7 Essential Life Lessons
“I think you’d look good in commercials.” ~ Ann Ryan
My break into acting came at an early age from someone who believed in me. Although I didn’t become an actor as an adult, my life was shaped through essential life lessons from an extraordinary family friend, Ann Ryan. I am in part because she was.
is a beautiful concept that originated in South Africa, noted as early as 1846, and defined by many as; “a person is a person through other people”. Most people use this shorter expression:
“I am Because You Are.”
Archbishop Emeritus Desmond Tutu described the culture of Ubuntu: “We think of ourselves far too frequently as just individuals, separated from one another, whereas you are connected and what you do affects the whole world”.
The concept of Ubuntu shines through my life experiences with a dear family friend, Ann Ryan, who recently died. ‘I am’ in part because of who she was. There are stories worth telling and hers is one.
Ann lived knowing her purpose, moved with courage through difficult choices and was fiercely committed to her family and friends. She was a fighter, surviving a breast cancer diagnosis many years. In the book of life she is one of the champions. She believed in me. Through our connection I learned life lessons that shaped who I am today.
Life Lessons . . .
While I was growing up in a West Toledo neighborhood, the Ryan’s moved into a house down the street from us. When just a few feet separate houses, things can go either way. Fortunately, the connections in our neighborhood were mostly congenial, save for a few crabby neighbors. It was the late 60’s, Saigon had not yet fallen, and several windows displayed stars representing family members who were serving in the war. We all knew the faces behind the stars. Ann and my Mom had young sons the same age, so their friendship started through their children’s connection. Tom, Ann’s husband, worked for a promotions agency that had an account with McDonalds. Ann saw something in my that I did not see myself. She thought I’d be good on TV. She gave me my first shot at stardom, acting in commercial for McDonald’s sippy dipper, a straw in the shape of McDonald’s arches. In addition to winning local fame, I made $25 dollars, more than any kool-aid stand I had ever run.
Not long after we met the Ryan’s, they adopted a beautiful baby girl. I was her devoted babysitter and on sunny days I spent countless hours strolling her down the sidewalks of our street, side-by-side with my friend Terry. He and I, both around age 8, would pretend we were married and proud parents of this baby girl. What a sight we must have been – me – hands tightly controlling the stroller – him – parading beside me twirling an umbrella in the sunshine. Terry and I bonded during our short marriage. We decided to watch each other go to the bathroom because that’s what married people do. It was a symbolic act of our commitment to each other. Terry was more feminine and flamboyant than me, hence the umbrella without the rain. He was my first gay friend. Sadly, Terry died during the AIDS epidemic.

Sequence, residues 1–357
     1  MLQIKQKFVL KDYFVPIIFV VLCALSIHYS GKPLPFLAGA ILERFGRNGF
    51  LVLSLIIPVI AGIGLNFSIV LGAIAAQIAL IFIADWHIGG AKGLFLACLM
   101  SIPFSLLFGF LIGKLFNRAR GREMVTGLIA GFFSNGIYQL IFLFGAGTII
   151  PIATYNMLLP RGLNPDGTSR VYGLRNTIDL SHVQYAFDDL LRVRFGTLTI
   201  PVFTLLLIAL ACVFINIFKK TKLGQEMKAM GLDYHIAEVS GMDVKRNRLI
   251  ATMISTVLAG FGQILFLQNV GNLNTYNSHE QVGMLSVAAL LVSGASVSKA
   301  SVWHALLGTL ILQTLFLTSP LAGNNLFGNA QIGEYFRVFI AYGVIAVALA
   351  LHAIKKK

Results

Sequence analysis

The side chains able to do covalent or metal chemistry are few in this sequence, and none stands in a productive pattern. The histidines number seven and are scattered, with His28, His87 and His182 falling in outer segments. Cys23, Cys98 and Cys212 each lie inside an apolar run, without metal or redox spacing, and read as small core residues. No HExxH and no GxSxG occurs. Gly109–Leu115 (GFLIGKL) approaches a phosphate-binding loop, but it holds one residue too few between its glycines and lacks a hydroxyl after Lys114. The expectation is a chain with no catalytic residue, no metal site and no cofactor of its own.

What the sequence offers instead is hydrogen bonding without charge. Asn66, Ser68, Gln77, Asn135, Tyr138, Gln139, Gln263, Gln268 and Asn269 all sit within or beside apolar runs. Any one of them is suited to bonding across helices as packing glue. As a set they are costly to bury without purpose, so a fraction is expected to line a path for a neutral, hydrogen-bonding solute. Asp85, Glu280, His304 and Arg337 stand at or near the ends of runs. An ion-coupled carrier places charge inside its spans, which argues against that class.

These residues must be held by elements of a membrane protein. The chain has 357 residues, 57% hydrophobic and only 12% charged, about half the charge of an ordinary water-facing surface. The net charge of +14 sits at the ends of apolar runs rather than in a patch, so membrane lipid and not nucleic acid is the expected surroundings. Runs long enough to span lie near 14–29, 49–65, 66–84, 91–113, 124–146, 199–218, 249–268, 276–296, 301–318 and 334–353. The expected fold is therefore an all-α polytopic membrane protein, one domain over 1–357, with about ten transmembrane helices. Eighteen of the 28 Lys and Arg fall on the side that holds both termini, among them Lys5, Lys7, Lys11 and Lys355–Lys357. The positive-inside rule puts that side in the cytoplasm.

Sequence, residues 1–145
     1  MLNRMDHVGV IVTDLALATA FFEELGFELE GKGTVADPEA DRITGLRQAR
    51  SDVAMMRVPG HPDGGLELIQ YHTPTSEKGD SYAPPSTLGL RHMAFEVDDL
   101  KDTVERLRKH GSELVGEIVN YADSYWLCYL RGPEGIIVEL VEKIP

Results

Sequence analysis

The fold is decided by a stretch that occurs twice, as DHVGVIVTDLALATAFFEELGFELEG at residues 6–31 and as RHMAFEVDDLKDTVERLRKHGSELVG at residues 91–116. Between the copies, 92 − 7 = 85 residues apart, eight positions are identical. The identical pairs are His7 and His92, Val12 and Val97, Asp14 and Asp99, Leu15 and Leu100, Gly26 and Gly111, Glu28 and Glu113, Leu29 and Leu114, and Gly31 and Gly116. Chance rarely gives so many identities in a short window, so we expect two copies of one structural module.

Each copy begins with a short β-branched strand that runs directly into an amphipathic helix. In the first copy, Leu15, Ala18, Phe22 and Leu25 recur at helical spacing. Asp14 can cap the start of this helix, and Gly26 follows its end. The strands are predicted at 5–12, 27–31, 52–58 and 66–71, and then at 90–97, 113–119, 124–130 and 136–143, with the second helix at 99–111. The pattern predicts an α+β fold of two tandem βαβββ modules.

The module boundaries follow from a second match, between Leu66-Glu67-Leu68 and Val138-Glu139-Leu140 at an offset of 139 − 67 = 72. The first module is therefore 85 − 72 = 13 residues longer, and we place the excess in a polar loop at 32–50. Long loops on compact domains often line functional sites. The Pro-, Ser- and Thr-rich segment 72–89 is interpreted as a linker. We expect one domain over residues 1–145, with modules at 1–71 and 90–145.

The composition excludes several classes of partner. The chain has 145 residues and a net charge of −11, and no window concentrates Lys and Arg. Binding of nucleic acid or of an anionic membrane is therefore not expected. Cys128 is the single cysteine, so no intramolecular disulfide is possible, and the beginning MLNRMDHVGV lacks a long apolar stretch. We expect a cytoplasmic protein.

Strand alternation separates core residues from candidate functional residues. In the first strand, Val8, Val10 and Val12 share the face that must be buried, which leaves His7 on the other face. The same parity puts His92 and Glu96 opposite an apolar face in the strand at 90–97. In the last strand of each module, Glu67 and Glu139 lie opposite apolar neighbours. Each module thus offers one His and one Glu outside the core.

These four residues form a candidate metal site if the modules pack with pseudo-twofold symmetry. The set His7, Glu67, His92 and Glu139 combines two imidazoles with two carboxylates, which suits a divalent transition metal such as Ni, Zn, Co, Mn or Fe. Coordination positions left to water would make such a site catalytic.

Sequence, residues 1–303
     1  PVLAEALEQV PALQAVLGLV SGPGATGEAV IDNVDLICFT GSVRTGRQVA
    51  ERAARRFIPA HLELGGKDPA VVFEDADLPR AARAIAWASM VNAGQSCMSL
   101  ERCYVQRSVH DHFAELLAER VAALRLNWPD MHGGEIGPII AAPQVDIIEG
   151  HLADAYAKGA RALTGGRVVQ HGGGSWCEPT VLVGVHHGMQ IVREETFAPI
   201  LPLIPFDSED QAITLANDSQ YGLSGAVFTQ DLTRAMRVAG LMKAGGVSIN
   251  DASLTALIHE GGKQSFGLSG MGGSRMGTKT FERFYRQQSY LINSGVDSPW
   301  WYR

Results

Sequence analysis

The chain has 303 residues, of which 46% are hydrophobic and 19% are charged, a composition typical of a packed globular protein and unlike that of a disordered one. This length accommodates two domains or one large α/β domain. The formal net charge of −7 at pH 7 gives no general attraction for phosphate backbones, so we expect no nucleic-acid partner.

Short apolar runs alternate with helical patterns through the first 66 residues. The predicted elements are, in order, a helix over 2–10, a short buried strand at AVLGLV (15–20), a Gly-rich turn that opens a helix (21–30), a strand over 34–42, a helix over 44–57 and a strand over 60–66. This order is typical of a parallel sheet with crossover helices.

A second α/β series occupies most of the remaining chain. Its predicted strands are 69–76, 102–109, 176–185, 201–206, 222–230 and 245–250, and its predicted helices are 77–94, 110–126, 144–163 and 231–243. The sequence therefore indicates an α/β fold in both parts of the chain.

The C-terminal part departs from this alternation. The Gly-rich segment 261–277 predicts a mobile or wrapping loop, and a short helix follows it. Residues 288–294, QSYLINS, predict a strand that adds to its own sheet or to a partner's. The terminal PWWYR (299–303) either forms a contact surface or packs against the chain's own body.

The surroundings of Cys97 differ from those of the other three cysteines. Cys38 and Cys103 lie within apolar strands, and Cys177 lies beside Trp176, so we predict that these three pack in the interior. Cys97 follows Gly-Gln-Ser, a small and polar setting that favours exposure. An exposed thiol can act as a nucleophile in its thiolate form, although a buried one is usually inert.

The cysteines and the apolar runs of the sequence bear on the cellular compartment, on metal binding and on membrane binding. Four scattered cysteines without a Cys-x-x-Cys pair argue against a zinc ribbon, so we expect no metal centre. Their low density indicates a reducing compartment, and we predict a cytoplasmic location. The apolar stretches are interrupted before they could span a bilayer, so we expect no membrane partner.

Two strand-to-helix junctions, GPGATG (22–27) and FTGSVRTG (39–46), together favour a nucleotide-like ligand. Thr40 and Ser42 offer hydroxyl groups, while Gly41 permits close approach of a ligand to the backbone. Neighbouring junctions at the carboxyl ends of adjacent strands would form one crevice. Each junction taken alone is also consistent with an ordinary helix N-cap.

Sometimes I’d babysit while Ann did house chores. Like a mother hen, I’d sit loyally beside her baby girl on the couch. On one occasion, the baby decided she would practice rolling over. My hands caught her just before she hit the floor. Ann kindly said I probably saved her life. I believed it.
A couple years passed and my resume grew with adventures of baby-sitting that included more heroic acts and even another McDonalds commercial; this time for a “double-cheese please”.
Then one day I learned the shocking news that the Ryans were moving away from Toledo to Phoenix, Arizona to seek out better job opportunities. Nobody I knew did that. They stayed put and complained. My heart broke when they left. Their baby girl was the object of much of my affection. But, under that grief something happened; their decision helped me to understand how change can hold hope and possibility.
A year later I found myself on my first plane trip because of Ann. After a short flight to the Chicago airport, our family switched planes for a fateful flight to Phoenix, Arizona to see the Ryans. We were in the air thirty minutes when the pilot announced that our main engine was out. He quickly came back on the intercom to apologize for the inadvertent announcement. I guess he didn’t know the intercom was live. Too late! The passengers were in an uproar. The woman next to me got out her rosary and started her “Hail Mary’s” only to pause intermittently to bemoan our sure demise and her decision to fly again after the last flight she had taken twenty years ago had an emergency landing. I found myself comforting her.
On solid ground in Phoenix, life was sweeter after our harrowing in-air drama. During the vacation we travelled to Mexico for a day trip to Nogales. I’d been to Canada before, but I considered this trip to be my real first foreign country experience since they spoke a different language. It stirred a lifelong curiosity about languages and travel.
Following our vacation, I didn’t see Ann until more than twenty years later when I finally made it back to Arizona. Her wide smile, easy laugh and courage were ever present. She was a cancer survivor for many years.
I will always remember Ann; this one person who taught me many life lessons and an inspiration for the single best decision I have ever made, to adopt my two beloved children.
Mindful Writing Practice:
Our treasured connections can affect us in profound ways. Today, write about someone who taught a life lesson to you.